Coldfire stands out with some of its beers’ being blended with other drinks such as the First Temptation, a sour ale blended with pomegranate juice, or the Affogato Ice Cream Ale, a coffee cream ale blended with cold-pressed coffee.
Hop Valley is a Eugene staple, but was purchased by MillerCoors in 2016. Local brewers don’t seem to be mad at Hop Valley or their founders, but more so at large beer conglomerates for buying small craft breweries and masquerading as such.
They brew some variety of beers, but overall, produce a lot of IPAs. Their vast IPA setlist at least shows a lot of experimentation: beers with cryo hops, added fruit and lower ABV.
Manifest Beer celebrated its anniversary and label release party Friday March 29. Seemingly one of the youngest breweries in town, co-founder and head brewer Brandon Woodruff has actually been around for a while. If you ever heard of Mancave Brewing, that was an earlier form of Manifest Beer, run by Woodruff in the Whitaker. The Exalted IPA made the jump from Mancave to Manifest, but Woodruff’s new venture has a lot more to offer. The passionfruit and lychee berliner weisse is somewhere between wheat beer and a sour ale. It is very tropical and incredibly refreshing. His slogan is “palate altering,” and the beers on tap step out of typical beer classification, testifying to how beer can make a person think.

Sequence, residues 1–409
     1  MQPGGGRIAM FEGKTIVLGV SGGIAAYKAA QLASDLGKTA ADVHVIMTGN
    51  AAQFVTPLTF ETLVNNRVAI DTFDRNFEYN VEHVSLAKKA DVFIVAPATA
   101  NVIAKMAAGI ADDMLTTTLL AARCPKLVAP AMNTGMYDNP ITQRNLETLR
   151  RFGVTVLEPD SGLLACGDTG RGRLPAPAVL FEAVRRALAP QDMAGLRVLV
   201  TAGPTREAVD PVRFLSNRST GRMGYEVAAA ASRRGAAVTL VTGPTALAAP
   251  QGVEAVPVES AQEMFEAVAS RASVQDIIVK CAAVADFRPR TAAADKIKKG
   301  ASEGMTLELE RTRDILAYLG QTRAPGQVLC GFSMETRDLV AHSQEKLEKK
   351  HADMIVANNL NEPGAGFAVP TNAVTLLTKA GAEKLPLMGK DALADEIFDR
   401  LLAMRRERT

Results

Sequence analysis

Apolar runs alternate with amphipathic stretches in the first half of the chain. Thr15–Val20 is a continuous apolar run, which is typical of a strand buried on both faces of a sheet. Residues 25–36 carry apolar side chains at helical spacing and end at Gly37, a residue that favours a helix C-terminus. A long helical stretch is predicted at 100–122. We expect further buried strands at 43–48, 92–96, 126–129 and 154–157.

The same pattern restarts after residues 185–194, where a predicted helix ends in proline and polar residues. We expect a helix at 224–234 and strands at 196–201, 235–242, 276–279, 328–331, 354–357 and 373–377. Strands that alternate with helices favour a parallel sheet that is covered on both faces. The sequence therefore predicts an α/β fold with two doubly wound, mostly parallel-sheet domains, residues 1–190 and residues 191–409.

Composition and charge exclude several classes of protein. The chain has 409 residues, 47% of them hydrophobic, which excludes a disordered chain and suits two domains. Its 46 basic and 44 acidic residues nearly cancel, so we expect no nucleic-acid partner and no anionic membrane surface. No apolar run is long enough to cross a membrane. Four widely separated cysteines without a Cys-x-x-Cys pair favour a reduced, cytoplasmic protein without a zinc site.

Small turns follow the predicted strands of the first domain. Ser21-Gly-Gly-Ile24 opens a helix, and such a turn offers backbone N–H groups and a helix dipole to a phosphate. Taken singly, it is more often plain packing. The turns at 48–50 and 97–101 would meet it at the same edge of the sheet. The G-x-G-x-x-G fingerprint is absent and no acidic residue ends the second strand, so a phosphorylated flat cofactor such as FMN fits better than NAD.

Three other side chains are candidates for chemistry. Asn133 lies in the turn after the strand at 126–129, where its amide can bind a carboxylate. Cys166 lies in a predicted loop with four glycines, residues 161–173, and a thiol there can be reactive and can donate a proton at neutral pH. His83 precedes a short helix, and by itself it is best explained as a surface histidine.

Founded in 2018, Freehand is actually Eugene’s youngest brewery, and although it’s young, it will be turning the heads of beer drinkers. This artisanal brewery finds its peer with Alesong more than with the other breweries on the list. Founder and brewer Tyrone Reitman deals with barrel ageing, saison brewing and blending, and incorporating local ingredients. Many of the bottles come with a cork and cage top — an indication of what you might find on the price tag.
Sam Bond’s Garage is a Eugene music scene staple in the Whitaker district. Sam Bond Brewing, however, was founded in 2013; although it names and produces its beer out of the spirit of the original music venue and pub, the brewing venture is a little more new Whit than it is old Whit. Cans and bottles are minimally distributed in town, but both Sam Bond locations pour their beer, including a nitro stout (an incredible combination) and a hazelnut brown ale that is smooth and rich like Nutella.